Did you hear about the time American oil workers overseas had to turn to Communist Cuban troops for protection from U.S.-government-funded rebels? No?
That fact is just one of many surprising insights that’s come out of our two-week long investigation of corruption that started with our conversation with Franklin Foer. Corruption often feels intangible, so we’ve been reporting on what it actually entails and how it’s done. In the process, we’ve come across two big questions.
How Did Paul Manafort Influence the Media?
Caroline Kitchener talked to journalists who covered Paul Manafort in his heyday.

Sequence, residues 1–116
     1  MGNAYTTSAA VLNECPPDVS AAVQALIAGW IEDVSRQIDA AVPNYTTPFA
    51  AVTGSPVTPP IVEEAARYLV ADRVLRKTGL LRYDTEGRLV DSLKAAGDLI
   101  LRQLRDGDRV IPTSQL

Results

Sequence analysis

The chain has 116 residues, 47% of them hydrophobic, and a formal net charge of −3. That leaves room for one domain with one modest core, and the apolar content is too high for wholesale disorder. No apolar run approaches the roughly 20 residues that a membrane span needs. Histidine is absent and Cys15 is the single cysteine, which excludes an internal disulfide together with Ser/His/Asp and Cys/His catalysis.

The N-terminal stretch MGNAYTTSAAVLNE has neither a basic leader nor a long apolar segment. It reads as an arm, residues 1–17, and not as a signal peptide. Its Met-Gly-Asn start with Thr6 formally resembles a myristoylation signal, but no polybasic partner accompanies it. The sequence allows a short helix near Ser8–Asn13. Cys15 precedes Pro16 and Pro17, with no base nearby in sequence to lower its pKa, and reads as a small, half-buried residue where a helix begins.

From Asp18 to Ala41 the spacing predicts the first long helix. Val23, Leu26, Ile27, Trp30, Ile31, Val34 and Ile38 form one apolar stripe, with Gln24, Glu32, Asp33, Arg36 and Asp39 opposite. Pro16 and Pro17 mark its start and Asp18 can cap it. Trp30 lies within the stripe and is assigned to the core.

When Angolan rebel leader Jonas Savimbi visited D.C. in the late 1980s, the Washington press corps swooned. Savimbi, shuttled around in a stretch limo and decked out in a Nehru suit, was hailed as the “charismatic, swashbuckling general” who “stopped Soviet imperialism dead in its tracks in Angola.” Introducing Savimbi at the National Press Club, the Scripps Washington bureau chief said that, in areas under Savimbi’s control, “songs glorify his wisdom and valor.” Meanwhile, back in Angola, Savimbi’s rebel forces were massacring hundreds of people.
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